This is always going to be an open-ended question, as there are no set guidelines that specify what your fixie should have a standard weight.
The general misconception is that fixes weigh less than their multi-geared counterparts, but this isn’t always the case. The thing to remember is that the parts on your fixie are usually beefier and the frame is also built from stronger and heavier materials.
But, we love our fixies because we can customize and modify them, so let’s look at how much they usually weigh, where we can shave weight off, and how that compares to other bikes out there.
How Much Do Fixies Weigh?
As I mentioned before, there is no hard rule for what the weight should be. Generally speaking, a fixie would weigh between 20 and 25 lbs.
There are obviously a few variables on your bike that will make up this weight, so let’s look at the anatomy of your bike before we go any further.
What Makes up the Overall Weigth of a Fixie?
1- Frame & Fork
Usually, a repurposed road bike frame is made from aluminum, steel, or even carbon fiber. Commonly bicycles are made from Chromoly, this is chrome-alloy steel that is stronger than carbon steel and also gives you a lighter frame that is very durable.
Possibly the largest single contributor to your bike weight, frames can range between 3 & 10lbs, with forks averaging around 2lbs
2- Crankset & Rear Cog
The size of the crankset & cog will have a massive part to play in how your bike rides. It will affect cadence and technique and will also play a role in how you accelerate and slow down.
With varying sizes, there will also obviously be a variation in weights.
3- Seatpost & Saddle
Depending on your preference, the saddle is usually a smaller, lightly cushioned option found on road bikes. You could also pick a saddle from a mountain bike or a hybrid saddle for more comfort.
These components combined average around 2-3 lbs.
There is so much scope for variation in the handlebars and you’ve probably seen all types of handlebars on fixies. Everything from the classic drop-down style found on road bikes to shortened handlebars is an aspect that will not only shape the aesthetic of your bike but also plays a big part in how the bike steers and also the comfort of the ride.
Depending on the material they are made of (carbon and aluminum or common) and the type of handlebars you use, can vary between 7 and 12 oz.
Platform pedals are the most common, the simplicity they offer fits in nicely with what a fixie is all about. But it’s worth considering lipless and holster pedals too – these will offer more control especially when braking.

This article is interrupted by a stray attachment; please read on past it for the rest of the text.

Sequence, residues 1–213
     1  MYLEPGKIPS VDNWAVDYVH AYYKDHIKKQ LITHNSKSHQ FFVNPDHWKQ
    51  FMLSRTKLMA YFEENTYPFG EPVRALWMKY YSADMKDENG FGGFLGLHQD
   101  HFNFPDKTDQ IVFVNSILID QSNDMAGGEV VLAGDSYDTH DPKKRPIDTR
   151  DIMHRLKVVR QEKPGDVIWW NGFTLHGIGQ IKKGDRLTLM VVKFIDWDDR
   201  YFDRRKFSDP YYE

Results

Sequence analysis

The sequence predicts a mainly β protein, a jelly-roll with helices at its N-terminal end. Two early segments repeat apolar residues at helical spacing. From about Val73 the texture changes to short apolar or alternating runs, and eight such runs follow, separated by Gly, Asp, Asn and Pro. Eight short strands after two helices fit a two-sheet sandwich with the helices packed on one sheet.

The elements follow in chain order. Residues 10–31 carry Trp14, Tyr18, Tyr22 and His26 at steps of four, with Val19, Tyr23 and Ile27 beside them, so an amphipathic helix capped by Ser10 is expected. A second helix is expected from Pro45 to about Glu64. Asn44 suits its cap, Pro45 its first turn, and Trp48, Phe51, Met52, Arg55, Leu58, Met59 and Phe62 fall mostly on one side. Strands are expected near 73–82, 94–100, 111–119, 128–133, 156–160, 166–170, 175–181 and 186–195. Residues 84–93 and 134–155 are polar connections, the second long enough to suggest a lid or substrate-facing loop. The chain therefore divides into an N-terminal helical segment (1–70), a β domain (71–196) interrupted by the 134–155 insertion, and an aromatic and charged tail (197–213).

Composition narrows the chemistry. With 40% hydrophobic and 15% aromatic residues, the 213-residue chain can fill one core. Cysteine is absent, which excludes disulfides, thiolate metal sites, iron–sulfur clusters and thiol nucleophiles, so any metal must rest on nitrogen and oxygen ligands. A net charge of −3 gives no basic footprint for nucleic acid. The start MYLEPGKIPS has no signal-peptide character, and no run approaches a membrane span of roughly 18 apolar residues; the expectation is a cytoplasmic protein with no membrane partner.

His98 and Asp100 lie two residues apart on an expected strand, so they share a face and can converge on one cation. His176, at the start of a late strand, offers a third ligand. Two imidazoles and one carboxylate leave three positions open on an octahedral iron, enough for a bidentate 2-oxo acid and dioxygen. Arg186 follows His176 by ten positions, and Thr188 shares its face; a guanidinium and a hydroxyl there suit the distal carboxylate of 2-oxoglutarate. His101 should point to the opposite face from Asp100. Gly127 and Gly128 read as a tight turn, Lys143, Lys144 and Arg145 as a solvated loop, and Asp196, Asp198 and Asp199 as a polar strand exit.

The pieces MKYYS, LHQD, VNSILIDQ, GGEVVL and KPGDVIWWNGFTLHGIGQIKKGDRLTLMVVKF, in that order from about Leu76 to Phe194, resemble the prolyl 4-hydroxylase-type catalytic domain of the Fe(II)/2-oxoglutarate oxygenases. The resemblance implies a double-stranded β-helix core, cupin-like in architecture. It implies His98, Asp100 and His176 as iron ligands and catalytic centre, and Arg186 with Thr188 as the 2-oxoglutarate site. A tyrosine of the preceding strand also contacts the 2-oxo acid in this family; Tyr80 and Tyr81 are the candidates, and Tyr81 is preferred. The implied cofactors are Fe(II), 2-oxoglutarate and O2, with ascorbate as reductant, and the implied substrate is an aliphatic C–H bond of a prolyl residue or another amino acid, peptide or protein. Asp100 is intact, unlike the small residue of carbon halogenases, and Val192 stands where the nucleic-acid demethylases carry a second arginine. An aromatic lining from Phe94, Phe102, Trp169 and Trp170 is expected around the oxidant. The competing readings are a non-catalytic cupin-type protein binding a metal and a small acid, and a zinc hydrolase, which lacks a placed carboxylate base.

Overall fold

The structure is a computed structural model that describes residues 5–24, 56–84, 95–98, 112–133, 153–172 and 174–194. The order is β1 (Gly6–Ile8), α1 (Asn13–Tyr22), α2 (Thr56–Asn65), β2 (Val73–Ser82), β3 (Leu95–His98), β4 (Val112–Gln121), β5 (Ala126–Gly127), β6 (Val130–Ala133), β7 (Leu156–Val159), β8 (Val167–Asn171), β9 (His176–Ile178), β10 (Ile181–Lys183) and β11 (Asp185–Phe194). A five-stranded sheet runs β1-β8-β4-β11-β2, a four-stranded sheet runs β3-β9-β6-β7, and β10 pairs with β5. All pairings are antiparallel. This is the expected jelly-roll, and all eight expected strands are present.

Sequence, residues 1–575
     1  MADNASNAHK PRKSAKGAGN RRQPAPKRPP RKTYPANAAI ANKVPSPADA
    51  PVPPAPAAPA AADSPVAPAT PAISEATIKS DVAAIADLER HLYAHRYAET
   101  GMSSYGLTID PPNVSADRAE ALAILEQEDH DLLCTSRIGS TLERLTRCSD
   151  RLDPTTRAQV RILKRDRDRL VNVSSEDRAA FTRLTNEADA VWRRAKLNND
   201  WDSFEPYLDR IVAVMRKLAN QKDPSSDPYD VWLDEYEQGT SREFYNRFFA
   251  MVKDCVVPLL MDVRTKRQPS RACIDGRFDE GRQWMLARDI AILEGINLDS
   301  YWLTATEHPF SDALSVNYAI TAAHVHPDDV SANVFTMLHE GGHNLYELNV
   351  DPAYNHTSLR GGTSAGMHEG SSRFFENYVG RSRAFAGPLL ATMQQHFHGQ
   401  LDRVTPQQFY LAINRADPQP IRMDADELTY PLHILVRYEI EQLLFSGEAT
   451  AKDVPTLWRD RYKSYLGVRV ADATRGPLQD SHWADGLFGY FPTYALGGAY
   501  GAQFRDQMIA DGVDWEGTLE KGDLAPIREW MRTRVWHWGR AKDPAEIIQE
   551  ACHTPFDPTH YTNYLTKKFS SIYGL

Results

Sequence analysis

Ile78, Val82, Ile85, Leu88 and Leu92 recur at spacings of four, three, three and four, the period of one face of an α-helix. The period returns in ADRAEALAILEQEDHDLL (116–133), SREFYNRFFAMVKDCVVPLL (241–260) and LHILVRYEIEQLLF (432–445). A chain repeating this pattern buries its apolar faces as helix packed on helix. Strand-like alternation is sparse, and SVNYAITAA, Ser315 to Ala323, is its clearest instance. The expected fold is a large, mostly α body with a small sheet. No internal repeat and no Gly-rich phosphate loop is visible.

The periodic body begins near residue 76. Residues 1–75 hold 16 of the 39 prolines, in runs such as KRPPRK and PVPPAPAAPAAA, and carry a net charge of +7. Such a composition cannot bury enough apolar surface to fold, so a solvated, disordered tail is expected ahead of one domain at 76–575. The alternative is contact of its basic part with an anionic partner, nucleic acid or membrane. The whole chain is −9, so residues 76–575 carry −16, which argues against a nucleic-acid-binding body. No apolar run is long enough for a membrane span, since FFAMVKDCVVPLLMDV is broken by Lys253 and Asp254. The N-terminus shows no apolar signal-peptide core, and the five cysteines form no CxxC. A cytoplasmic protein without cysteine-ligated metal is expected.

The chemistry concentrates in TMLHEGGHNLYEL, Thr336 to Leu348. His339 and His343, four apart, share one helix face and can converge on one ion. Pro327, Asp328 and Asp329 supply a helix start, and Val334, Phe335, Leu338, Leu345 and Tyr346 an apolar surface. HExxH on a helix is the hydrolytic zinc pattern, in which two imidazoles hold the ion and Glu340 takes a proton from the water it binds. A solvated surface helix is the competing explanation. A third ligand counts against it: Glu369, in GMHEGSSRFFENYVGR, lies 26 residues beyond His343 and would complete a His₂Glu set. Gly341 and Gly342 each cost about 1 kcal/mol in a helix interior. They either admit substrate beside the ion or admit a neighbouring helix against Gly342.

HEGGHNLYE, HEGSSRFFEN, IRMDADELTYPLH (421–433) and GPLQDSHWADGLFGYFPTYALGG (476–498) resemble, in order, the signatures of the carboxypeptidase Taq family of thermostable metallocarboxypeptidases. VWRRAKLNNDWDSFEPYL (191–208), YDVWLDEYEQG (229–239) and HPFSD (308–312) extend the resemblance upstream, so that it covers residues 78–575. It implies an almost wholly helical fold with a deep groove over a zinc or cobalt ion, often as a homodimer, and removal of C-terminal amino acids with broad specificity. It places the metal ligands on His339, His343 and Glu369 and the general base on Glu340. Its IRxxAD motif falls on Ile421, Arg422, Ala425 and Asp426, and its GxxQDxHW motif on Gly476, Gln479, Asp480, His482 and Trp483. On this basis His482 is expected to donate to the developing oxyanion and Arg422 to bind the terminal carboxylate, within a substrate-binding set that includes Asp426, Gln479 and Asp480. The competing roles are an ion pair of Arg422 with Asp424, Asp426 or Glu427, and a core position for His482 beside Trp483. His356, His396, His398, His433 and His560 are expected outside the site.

Pedals should weigh around 7-14 oz.
Another area where personal preference plays a big part. Wheels have many different things to consider. You have to consider section depth, tubeless/clincher or tubular, and the aesthetic you prefer. These choices all have their pros and con’s and they will also have varying weights to consider too.
On average, wheels will weigh between 3 and 4 lbs.
You can see how easily your fixie can start to pick up weight and, very often with beginner or entry-level models don’t have high spec components and tend to be on the heavier side. But again, we love our fixies because we can modify them as and when we want to.
Weight comparison (Fixies Vs Other Types)
You might be wondering how the weight of your fixie compares to other types of bikes out there. I’ve put together some examples to show the main differences between them;
Bike Type: Fixies
Avg. Weight: 21lbs
So we know that our fixie’s main feature is that it only has one gear. It’s a “simple” bike and is very often easier to maintain as there are fewer parts to it. They are also known as track or fixed gear bikes.
Bike Type: Road Bike Avg. Weight: 17lbs Designed for speed, these are some of the lightest bikes on offer. Skinny tires are designed to reduce resistance on the tarmac and drop handlebars off the ideal position to reduce wind resistance. Fixies often borrow components from road bikes to keep weight down.
Bike Type: Mountain Bike Avg. Weight: 25lbs These bikes are obviously built to be a bit more rugged. Frames are chunkier and sturdier to ensure they can handle the rugged terrain without taking damage easily. And chunkier tires provide better grip in wet or muddy terrain.
Bike Type: City or Commuter Bike Avg. Weight: 44lbs These are designed for city use, and so are usually equipped with practical accessories like lights, bags, fenders, or racks. While these are good for comfort and transporting goods, they add a lot of overall weight to the bike.
Bike Type: City or Commuter Bike Avg. Weight: 22lbs A bit of a hybrid between a mountain bike and a road bike, they have light-weight frames so they can be easily carried over through obstacles, but also have chunkier off-road tires for wet or muddy terrain.
Bike Type: BMX Avg. Weight: 27lbs A heavy bike when you consider its size, they are primarily designed to be strong enough to handle jumps and tricks without breaking. Generally used on shorter dirt tracks and in skate parks.